With stories of Tesla Motors’ [NSDQ:TSLA] pilfering of talent from Apple, and a flow of workers the other way also making the rounds, it’s perhaps no surprise that the electronics brand is being tied up with rumors of a scratch-designed car in the works. After all, a car planned from the ground up by the minds at Apple might be a game changer.

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The rumor originates with The Mac Observer’s report on a BusinesInsider article, as noted (and discounted) by UI designer and writer John Gruber. It has since expanded with The Wall Street Journal weighing in, claiming hundreds of Apple employees have been assigned to an automotive project code named Project Titan.

The Mac Observer’s Bryan Chaffin wrote “I should add that when I asked one of my sources flat out to put a percentage chance on Apple working on an actual car—rather than some kind of car-related technology—I was told, ’80 percent.’”

What makes that percentage guesstimate accurate—or possibly even an underestimate, as Chaffin argues? Several elements, read together, could point directly at an Apple Car project—and not one related to infotainment or iPhone integration, but toward building an actual four-wheeled transportation device.

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First, an (unnamed, confidential) Apple employee’s statement to BusinessInsider: “Apple’s latest project is too exciting to pass up. I think it will change the landscape and give Tesla a run for its money.” That’s a pretty direct indication of a car being in the works, at least in the initial project stages, at Apple—if the insider’s account is true.

Add to that, Chaffin claims, the widespread belief at the upper echelons of Silicon Valley circles that Apple is and has been working on a car for some time—a factor to be taken with, at the least, a grain or two of salt.

Mix in the poaching of Tesla employees above and beyond the normal sort of Silicon Valley turnover, and it’s beginning to come clearer, although this factor could simply indicate a desire to better integrate or create new in-car products such as Apple Car Play--except for the type of people being hired and their specialties.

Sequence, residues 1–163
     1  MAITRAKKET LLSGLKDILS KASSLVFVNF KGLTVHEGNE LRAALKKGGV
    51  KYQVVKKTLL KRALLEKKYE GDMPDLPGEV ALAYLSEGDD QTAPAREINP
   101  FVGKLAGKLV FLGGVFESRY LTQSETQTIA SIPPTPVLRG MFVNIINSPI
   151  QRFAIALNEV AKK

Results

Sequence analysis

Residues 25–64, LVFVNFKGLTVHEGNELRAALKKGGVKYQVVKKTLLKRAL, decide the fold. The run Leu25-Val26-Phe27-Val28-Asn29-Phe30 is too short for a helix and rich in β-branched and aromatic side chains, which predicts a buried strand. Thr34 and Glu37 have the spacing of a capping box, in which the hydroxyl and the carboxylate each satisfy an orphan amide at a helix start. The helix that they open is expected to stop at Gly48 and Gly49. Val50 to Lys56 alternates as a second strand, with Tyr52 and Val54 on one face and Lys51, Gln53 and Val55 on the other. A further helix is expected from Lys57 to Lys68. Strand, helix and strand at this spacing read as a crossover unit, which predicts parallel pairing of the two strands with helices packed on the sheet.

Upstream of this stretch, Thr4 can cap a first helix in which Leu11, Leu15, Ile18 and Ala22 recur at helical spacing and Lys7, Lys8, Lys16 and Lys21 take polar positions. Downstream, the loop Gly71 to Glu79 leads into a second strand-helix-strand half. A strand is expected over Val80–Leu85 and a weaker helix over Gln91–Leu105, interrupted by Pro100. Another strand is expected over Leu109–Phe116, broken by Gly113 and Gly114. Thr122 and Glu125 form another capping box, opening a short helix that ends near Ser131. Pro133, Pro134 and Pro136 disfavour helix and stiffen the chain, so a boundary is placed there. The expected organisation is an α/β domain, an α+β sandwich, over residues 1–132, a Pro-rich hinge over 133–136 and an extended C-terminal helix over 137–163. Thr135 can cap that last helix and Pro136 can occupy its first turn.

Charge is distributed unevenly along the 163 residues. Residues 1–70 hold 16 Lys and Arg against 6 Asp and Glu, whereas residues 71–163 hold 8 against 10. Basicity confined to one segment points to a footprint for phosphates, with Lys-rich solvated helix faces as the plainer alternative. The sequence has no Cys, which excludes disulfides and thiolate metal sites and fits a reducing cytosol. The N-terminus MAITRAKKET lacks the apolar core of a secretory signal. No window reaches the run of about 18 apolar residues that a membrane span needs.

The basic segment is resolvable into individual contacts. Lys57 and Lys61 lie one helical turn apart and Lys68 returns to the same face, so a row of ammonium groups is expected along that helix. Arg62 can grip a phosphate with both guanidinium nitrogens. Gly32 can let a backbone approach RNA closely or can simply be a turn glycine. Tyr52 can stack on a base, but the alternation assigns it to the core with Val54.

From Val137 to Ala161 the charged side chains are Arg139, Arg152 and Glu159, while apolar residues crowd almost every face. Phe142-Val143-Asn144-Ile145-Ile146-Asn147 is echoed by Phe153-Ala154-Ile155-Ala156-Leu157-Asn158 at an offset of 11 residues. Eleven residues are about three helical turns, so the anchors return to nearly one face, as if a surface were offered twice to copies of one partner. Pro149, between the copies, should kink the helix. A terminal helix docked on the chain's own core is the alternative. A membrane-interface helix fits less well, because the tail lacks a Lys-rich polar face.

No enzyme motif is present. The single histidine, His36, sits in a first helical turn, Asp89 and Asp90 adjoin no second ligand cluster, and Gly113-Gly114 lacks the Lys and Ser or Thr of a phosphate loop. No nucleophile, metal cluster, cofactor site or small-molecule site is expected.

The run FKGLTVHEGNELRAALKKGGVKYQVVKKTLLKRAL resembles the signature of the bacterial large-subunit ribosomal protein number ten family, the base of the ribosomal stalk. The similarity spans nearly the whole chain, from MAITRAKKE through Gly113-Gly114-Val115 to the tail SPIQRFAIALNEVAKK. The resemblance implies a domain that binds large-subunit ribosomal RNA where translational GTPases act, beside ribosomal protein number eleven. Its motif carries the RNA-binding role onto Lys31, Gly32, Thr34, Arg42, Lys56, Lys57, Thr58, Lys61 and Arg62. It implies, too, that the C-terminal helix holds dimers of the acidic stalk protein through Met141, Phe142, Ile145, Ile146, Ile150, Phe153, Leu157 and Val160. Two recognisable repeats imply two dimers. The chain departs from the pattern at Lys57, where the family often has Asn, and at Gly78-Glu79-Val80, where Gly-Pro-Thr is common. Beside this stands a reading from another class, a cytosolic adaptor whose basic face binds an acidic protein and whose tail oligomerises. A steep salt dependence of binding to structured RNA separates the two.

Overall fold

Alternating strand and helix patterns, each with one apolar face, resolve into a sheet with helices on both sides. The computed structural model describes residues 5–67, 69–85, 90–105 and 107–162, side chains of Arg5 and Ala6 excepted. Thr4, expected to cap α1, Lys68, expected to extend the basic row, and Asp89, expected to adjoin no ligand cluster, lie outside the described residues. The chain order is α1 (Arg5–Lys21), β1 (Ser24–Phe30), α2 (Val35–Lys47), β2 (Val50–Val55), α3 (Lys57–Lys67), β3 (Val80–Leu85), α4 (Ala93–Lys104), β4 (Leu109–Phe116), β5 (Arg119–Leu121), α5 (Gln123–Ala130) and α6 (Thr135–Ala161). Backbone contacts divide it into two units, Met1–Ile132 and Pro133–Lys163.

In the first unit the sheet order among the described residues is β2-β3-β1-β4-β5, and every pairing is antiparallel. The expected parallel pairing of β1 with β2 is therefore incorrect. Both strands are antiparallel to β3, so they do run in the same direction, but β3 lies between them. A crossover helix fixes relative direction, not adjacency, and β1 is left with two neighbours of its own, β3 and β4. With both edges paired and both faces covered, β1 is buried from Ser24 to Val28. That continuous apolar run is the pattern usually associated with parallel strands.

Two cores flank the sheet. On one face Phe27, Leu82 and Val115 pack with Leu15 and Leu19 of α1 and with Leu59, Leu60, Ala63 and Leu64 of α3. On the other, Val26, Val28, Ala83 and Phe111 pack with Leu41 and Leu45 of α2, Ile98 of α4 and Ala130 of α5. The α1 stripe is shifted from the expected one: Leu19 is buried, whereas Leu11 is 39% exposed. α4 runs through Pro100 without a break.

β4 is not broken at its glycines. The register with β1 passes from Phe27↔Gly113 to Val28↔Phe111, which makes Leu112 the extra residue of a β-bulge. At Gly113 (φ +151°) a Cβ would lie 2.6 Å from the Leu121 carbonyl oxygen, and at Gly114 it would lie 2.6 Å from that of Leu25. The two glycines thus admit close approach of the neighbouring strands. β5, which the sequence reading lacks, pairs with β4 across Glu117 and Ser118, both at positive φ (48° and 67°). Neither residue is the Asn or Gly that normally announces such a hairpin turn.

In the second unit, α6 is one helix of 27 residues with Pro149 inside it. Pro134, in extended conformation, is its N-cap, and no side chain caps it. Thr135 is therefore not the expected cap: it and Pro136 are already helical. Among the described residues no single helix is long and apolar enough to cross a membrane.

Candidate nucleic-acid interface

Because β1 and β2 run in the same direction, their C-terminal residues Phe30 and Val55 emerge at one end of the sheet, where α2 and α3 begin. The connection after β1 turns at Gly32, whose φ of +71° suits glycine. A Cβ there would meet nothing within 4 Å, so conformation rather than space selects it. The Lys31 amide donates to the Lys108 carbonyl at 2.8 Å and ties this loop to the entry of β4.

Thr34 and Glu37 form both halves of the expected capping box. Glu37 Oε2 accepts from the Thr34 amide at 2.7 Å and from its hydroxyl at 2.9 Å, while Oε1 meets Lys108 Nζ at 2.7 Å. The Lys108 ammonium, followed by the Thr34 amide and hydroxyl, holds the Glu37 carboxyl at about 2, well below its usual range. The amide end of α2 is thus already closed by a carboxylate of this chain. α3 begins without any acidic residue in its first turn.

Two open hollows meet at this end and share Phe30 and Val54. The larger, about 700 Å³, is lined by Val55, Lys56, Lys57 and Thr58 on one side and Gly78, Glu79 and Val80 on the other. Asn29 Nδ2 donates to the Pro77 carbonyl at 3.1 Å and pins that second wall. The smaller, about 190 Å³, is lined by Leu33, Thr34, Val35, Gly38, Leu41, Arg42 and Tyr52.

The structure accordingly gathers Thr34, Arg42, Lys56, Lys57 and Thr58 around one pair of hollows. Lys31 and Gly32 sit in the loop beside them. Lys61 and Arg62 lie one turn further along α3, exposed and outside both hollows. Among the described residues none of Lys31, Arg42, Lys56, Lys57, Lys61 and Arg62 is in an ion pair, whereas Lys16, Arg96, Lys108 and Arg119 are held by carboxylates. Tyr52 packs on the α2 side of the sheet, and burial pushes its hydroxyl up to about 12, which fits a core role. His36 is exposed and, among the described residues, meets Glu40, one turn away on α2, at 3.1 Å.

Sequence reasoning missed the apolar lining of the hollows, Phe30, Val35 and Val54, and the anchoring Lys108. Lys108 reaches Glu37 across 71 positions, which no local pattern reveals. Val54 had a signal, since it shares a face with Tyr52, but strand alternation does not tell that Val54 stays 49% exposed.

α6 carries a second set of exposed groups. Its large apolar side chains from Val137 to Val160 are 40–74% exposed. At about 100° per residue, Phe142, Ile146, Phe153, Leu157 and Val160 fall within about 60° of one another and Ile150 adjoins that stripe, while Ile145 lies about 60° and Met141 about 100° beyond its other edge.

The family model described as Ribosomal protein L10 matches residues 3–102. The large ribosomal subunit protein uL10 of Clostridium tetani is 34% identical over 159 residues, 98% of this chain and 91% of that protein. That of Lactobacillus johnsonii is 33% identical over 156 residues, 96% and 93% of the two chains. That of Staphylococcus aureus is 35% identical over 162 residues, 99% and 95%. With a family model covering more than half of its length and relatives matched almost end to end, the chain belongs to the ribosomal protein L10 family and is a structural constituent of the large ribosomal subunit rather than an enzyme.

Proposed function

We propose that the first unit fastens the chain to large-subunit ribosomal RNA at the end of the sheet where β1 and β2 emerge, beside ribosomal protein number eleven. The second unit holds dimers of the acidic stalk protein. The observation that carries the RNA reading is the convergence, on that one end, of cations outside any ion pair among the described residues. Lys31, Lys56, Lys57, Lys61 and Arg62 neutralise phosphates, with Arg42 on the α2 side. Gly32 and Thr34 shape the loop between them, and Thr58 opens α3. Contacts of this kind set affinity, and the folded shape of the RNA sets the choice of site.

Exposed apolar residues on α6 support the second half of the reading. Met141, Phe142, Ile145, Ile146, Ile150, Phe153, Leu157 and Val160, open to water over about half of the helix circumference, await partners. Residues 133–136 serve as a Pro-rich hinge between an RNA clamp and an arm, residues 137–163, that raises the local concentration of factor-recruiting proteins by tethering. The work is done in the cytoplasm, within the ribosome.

In other words, believing Apple is working on a car is still, at this point, a gut feeling—you either think it’s real or you don’t. And even if it is real, Apple may decide not to give the project the green light for production; there are many barriers to entry into the car business, and even a great product doesn’t guarantee profitability—see, for example, Tesla Motors.

It wouldn't be the first time people have envisioned Apple's potential in the car world. In 2010, a student designer at IED, Turin created the "iMove," an interpretation of the automotive space through Apple's contemporary design aesthetic.

But—and this one is Kardashian-sized—if Apple is working on a car, and if it does get built, what might that mean for the automotive landscape as a whole? Could it be as revolutionary as the iPhone’s arrival in the smartphone world? Or is the automotive field too weighed down by regulations, physical constraints, and practical necessities to allow that kind of innovation?

It’s a question certainly worth asking, whatever the answer.


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